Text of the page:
Indiana court: IBM breached contract, still due $50M
INDIANAPOLIS (AP) — IBM Corp. breached its state contract in the company’s failed attempt to privatize Indiana’s welfare services but is still entitled to nearly $50 million in state fees, the state Supreme Court said Tuesday in a ruling that also opens the door for Indiana to seek up to $175 million in damages.
The high court’s ruling in the long-running case upholds a February 2014 state Court of Appeals ruling and reverses a trial court judge’s finding that Indiana had failed to prove IBM breached the $1.3 billion state contract it won in 2006. Under that contract, an IBM-led team of vendors had worked to process applications for food stamps, Medicaid and other public safety-net benefits through the call centers, the Internet and fax machines that residents could use to apply for those benefits.
Then-Gov. Mitch Daniels canceled the 10-year contract in 2009 following complaints from welfare clients, lawmakers and others about long wait times, lost documents and improper rejections. IBM and Indiana then countersued each other, setting off the complicated court fight.
Justice Mark Massa recused himself from the case because he was Daniels’ general counsel when the contract was signed.
The high court’s four other justices unanimously found Tuesday that IBM had breached its contract by failing to meet “timeliness metrics” and to “assist the State in achieving its policy objectives” — thus reversing a 2012 Marion County trial court finding — and said the state can seek damages. However, the justices also affirmed the trial court’s award of nearly $50 million to IBM in assignment and equipment fees.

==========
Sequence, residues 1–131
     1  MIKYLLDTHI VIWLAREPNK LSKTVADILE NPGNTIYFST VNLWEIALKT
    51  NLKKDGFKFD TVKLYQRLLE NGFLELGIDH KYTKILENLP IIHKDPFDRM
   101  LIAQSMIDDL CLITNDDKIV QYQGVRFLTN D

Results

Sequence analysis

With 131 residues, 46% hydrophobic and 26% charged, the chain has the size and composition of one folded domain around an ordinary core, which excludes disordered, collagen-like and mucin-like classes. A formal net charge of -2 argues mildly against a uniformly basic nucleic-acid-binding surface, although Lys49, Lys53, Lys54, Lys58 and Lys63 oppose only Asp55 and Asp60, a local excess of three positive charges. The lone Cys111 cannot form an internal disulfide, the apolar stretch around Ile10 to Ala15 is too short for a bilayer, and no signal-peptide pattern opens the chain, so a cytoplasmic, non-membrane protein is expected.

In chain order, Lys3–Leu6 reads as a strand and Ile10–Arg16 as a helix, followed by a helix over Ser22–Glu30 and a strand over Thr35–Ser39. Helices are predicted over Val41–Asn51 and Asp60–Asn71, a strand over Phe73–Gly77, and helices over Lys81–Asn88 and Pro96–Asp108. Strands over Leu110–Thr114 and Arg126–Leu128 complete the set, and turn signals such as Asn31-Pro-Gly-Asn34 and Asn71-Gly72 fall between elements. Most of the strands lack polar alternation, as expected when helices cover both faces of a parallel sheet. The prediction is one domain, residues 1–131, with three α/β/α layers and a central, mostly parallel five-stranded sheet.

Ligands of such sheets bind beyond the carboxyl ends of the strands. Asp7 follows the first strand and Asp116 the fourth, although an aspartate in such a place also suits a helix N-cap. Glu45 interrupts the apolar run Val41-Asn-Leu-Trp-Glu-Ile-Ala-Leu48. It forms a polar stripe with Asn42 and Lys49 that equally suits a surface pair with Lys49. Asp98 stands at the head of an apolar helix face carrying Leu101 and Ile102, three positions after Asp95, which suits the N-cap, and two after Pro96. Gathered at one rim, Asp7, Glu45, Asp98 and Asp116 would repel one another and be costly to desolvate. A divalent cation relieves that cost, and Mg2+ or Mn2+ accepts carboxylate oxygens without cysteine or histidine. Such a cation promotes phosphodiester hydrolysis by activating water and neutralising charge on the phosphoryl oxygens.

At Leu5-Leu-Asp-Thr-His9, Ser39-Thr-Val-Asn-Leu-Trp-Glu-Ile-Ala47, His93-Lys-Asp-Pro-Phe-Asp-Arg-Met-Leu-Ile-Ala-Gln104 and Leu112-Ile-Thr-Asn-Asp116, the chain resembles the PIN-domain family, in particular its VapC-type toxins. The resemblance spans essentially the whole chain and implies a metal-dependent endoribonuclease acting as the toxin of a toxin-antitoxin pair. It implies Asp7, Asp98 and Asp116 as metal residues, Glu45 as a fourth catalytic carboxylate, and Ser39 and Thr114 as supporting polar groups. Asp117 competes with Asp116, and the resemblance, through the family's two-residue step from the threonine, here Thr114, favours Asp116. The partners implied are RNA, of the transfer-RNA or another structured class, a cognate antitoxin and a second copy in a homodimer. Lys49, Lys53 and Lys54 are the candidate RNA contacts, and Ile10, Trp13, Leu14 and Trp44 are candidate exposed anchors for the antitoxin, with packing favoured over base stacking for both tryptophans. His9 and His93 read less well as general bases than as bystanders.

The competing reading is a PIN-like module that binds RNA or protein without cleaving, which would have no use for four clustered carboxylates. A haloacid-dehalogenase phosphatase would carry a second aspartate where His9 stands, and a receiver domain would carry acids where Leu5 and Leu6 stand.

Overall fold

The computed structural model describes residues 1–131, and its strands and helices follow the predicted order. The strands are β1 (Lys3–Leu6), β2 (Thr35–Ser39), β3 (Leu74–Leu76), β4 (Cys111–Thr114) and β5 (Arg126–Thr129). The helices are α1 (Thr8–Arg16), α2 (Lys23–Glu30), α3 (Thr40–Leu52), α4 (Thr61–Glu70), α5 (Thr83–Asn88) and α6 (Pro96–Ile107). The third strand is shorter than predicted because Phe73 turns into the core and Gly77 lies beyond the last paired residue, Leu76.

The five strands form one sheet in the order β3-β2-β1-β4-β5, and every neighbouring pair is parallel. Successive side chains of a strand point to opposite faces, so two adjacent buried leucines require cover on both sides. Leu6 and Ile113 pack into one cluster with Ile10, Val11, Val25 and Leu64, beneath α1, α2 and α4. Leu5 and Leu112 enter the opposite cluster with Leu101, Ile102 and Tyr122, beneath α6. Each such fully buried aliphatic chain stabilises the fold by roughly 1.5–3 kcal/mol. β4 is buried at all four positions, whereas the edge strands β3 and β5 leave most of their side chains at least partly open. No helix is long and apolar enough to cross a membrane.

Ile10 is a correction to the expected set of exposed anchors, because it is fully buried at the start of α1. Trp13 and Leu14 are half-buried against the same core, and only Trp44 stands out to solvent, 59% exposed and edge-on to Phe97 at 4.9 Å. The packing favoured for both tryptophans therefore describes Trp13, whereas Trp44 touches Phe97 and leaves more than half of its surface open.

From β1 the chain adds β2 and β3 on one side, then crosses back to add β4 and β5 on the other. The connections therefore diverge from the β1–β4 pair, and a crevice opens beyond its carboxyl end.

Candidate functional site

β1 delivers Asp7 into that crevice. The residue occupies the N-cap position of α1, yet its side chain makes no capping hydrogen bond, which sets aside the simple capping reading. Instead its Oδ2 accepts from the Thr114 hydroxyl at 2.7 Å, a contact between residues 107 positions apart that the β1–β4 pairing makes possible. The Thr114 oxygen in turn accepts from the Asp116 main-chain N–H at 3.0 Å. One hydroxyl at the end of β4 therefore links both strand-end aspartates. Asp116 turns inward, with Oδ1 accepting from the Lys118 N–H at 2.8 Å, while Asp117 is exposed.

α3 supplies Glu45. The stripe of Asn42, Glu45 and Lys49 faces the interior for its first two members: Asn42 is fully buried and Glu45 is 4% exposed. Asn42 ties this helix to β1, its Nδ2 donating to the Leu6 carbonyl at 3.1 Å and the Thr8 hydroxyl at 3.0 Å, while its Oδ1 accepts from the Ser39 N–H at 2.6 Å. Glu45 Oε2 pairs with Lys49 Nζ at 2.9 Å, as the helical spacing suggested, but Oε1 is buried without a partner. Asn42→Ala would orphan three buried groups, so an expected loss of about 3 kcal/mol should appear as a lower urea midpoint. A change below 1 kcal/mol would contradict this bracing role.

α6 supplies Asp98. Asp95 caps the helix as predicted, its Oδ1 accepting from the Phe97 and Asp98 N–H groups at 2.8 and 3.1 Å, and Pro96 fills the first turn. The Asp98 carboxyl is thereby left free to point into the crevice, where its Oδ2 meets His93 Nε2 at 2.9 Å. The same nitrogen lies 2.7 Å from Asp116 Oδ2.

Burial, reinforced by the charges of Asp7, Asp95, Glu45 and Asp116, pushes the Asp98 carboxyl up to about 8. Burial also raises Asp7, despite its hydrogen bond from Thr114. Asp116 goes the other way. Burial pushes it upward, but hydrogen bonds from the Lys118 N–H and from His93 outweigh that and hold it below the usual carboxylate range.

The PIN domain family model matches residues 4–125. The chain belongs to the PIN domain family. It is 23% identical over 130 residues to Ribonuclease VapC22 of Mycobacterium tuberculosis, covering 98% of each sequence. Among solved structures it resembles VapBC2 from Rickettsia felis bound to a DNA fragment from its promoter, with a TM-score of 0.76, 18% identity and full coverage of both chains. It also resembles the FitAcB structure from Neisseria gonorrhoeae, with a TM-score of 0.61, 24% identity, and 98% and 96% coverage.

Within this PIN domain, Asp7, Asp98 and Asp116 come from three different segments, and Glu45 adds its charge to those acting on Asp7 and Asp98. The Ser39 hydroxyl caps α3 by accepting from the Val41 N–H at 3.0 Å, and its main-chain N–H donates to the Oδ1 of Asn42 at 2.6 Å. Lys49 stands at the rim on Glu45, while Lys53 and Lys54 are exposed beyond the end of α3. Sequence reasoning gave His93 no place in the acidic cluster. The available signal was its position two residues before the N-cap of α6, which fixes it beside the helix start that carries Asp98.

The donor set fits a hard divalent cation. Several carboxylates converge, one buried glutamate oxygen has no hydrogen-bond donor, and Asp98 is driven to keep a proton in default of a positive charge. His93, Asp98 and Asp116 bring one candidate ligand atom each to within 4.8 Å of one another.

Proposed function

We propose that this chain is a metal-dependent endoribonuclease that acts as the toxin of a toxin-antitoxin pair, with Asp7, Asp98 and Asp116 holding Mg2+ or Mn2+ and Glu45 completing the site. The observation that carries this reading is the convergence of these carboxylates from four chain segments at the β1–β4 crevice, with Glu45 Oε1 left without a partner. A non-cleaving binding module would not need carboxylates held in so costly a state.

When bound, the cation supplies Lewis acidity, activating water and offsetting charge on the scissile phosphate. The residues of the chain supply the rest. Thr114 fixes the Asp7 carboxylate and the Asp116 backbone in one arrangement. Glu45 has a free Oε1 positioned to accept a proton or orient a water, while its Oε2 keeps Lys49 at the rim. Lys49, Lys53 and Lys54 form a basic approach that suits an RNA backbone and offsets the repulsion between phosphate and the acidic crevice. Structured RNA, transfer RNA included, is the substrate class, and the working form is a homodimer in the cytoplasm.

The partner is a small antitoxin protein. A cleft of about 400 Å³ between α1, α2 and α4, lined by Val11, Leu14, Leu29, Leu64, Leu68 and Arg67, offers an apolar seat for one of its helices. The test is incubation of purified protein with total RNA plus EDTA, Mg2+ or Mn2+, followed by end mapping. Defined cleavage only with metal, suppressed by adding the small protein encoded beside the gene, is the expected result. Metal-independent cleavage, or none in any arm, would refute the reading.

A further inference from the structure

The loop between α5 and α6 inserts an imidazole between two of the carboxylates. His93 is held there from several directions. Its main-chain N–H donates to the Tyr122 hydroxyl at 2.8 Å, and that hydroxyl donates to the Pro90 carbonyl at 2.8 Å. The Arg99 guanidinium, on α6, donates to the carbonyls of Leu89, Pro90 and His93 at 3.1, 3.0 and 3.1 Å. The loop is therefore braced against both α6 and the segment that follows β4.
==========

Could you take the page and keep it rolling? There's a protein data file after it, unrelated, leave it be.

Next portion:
The ruling reversed the trial court’s award of $13 million to IBM in pre-judgment interest claims and early contract termination close-out payments, yet agreed with the trial court’s denial of about $43 million in deferred fees that IBM had sought, said Peter Rusthoven, a private attorney representing Indiana’s Family and Social Services Administration in the dispute.
Rusthoven said Tuesday that the FSSA was “very pleased,” because the justices directed the trial court to determine how much IBM owes Indiana in damages for its contract breach, a figure he says is about $175 million.
“This means that our Court of Appeals and now our Supreme Court have recognized, as we maintained from the beginning, that IBM materially breached its contract as a matter of law. And therefore it must compensate the state for the damages it’s cost,” Rusthoven said.
IBM spokesman Clint Roswell said in a statement that the Armonk, New York-based technology company is disappointed. “Creation of the State’s current system would not have been possible without building on IBM’s technology,” he said.
The justices heard arguments in the case in October 2014. Attorneys for IBM and the state later tried mediation to settle their differences, at the suggestion of Chief Justice Loretta Rush, but informed the court in August that those efforts had failed.